How You Can Help Solve the Student Loan Crisis
For recent college graduates, the knowledge, skills and relationships formed during their school years will equip them for years to come. Yet, for millions of these graduates, their higher education journey will also come with another post-graduation reality: student loan debt. And for some, that debt exponentially increases into a full-fledged crisis.
It’s a reality faced by more than 40 million Americans — former and current students who see the many benefits of going to college, but whose student loan debt is a reflection of the skyrocketing cost of that degree.
Fortunately, there are organizations and individuals who continue to devote their efforts to lessening the student loan debt crisis. The problem is nationwide, but so is the solution. Here’s how you can help.
Know the crisis. The U.S. has surpassed the $1.2 trillion mark in student loan debt, and that mountain keeps on growing. Just this week, Richard Cordray, Director of the Consumer Financial Protection Bureau, remarked how much this historic cliff affects students:
“For generations, the viewpoint deeply ingrained in the fabric of our country has held that if you work hard, study well, and act responsibly, you can get ahead in life. Going to college has been a key milestone on the path to opportunity, and almost certainly is more important today than it has ever been. But in recent years, many families were hit hard by the financial crisis and had to take on more debt to pay for college. For many young graduates, high levels of student loan debt limit their choices about careers and the communities where they live, and may undermine their well-being.”
Gallup confirms the detrimental effects of this debt. Last month, the organization released a report that found college grads with a high amount of student debt were affected more than just financially — they experienced a lower sense of well-being, including physical health and community participation.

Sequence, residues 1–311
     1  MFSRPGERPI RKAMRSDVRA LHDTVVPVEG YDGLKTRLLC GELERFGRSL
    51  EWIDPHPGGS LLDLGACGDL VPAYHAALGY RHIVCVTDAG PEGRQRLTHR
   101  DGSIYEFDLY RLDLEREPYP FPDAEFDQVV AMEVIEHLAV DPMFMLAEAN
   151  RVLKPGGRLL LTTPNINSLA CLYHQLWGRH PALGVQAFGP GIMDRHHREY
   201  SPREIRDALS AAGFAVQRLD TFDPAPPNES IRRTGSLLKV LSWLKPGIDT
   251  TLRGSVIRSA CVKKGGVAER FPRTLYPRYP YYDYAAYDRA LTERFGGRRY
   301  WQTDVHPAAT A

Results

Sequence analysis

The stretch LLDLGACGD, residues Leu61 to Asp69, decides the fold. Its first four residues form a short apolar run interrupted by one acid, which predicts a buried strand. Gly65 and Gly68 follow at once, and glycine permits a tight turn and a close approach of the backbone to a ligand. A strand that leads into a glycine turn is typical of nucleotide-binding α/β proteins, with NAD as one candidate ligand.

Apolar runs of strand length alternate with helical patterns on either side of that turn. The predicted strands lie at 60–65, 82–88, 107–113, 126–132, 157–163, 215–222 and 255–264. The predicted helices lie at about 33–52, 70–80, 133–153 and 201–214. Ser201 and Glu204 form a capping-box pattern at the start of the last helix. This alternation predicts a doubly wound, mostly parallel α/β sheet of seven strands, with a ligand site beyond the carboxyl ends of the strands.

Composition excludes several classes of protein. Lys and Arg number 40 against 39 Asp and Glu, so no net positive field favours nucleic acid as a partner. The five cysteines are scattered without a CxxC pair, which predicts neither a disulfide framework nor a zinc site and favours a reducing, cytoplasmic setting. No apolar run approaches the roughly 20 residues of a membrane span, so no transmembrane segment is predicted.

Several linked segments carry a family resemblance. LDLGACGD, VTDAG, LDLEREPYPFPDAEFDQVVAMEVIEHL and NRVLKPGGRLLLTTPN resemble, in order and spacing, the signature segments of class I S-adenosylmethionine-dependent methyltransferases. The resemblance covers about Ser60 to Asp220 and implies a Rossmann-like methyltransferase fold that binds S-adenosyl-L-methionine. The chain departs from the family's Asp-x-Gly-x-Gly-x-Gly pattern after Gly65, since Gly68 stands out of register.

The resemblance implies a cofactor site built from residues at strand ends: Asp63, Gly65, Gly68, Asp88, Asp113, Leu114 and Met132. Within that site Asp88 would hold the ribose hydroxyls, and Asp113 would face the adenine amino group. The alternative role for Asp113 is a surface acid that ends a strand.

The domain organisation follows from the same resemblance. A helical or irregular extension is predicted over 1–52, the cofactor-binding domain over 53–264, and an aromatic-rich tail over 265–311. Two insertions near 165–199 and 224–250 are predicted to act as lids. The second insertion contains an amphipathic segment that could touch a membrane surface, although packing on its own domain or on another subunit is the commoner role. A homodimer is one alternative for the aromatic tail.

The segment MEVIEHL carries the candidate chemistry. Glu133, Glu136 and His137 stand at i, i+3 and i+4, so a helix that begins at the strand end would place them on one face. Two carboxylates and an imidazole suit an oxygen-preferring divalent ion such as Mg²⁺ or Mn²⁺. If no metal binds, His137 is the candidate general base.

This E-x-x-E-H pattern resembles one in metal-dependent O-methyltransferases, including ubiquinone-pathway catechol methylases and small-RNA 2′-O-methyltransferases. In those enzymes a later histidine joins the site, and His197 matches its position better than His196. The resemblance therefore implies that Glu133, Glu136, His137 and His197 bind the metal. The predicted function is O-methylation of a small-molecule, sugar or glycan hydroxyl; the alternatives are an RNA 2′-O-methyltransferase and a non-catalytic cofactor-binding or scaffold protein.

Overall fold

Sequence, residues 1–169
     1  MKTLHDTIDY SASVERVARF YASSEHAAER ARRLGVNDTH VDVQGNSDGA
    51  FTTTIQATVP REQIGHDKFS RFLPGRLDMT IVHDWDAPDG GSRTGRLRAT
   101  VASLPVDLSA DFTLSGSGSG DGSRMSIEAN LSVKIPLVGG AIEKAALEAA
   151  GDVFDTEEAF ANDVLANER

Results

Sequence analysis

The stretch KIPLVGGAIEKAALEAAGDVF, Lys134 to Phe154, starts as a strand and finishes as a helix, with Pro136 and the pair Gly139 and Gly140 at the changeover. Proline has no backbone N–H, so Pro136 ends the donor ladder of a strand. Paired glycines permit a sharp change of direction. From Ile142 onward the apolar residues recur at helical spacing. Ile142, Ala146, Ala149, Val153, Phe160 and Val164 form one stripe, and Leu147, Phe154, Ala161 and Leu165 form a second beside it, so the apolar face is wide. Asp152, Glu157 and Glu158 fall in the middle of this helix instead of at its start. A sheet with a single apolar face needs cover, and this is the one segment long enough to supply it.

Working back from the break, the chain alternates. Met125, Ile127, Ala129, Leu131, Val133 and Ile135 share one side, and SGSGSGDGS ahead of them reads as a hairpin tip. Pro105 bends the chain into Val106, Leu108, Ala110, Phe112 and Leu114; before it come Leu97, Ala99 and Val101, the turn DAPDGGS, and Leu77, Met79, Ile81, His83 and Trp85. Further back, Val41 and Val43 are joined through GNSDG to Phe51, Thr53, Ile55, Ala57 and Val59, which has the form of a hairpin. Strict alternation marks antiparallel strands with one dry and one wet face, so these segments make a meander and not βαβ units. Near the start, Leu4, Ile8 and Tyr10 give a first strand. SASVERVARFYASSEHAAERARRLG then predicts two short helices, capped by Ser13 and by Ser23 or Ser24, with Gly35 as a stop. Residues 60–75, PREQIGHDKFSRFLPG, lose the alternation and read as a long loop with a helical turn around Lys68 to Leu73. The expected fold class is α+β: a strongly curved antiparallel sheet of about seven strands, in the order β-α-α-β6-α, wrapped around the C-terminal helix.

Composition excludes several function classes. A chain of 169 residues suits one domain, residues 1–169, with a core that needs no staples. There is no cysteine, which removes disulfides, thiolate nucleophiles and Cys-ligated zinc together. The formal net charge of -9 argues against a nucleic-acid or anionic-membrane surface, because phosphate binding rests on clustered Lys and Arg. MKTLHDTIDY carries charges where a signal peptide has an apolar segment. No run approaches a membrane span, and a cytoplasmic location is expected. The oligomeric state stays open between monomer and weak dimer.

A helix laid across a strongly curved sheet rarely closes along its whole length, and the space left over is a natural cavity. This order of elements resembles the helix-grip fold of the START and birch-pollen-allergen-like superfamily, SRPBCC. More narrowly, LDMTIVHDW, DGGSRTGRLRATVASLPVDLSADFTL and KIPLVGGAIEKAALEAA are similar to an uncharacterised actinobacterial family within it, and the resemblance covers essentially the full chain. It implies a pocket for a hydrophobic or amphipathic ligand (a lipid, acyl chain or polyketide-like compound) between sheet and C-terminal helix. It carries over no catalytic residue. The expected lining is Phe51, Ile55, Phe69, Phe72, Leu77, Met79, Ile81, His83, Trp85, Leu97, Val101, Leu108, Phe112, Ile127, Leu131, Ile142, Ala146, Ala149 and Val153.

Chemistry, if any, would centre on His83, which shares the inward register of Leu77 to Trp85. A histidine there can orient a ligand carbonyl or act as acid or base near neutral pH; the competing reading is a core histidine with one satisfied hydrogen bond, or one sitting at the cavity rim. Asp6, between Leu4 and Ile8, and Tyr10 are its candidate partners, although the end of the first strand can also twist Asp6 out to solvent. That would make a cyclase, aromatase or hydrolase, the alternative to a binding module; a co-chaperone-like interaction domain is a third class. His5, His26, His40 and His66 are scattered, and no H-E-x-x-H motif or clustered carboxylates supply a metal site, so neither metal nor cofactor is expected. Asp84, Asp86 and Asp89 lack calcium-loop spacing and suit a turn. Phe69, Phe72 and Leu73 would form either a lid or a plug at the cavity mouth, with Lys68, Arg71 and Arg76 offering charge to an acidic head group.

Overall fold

The findings are clear: we can’t afford to ignore an issue that will affect the health of future generations. Staying abreast about what’s happening nationally will help inform your own efforts in addressing the crisis.
Get involved. Student loan debt is a far-reaching issue that doesn’t only affect young graduates. The New York Times was one of several media outlets that recently reported on the burden of student loan debt – for senior citizens. “I incurred this debt to improve my life,” one interviewee said, “but the debt has become my undoing.”
It’s no surprise, then, that spurring on conversations about the crisis will help students of all ages in your own community. Families making informed decisions about how much they can afford to borrow, for example, can make the difference in students borrowing or taking on a part-time job to help cover tuition.
Going further than knowing is doing, which is where your advocacy efforts can also make a difference. As an example, Scholarship America has partnered with Higher Ed, Not Debt, a multi-year campaign dedicated to tackling the student loan debt crisis. The campaign site lists several action items individuals can take, including writing a letter to your local editor about the crisis.
Contribute to scholarships. If thinking about the large-scale issue of student loan debt seems too overwhelming, remember that the biggest differences can come right from your community. Scholarship America Dollars for Scholars affiliates do this every day. By providing scholarships and educational assistance locally, Dollars for Scholars assures that the community supports its own students.
Think about the people that have helped you achieve what you have today. Think also about how powerful their support of your education — financially or psychologically — was for your future. Consider how you could make that a reality for someone else. No matter the amount, a scholarship award is a tangible, life-changing contribution. And, more scholarship aid could mean less reliance on student loans — and less loan debt.
Together, we can work to solve the student loan debt crisis.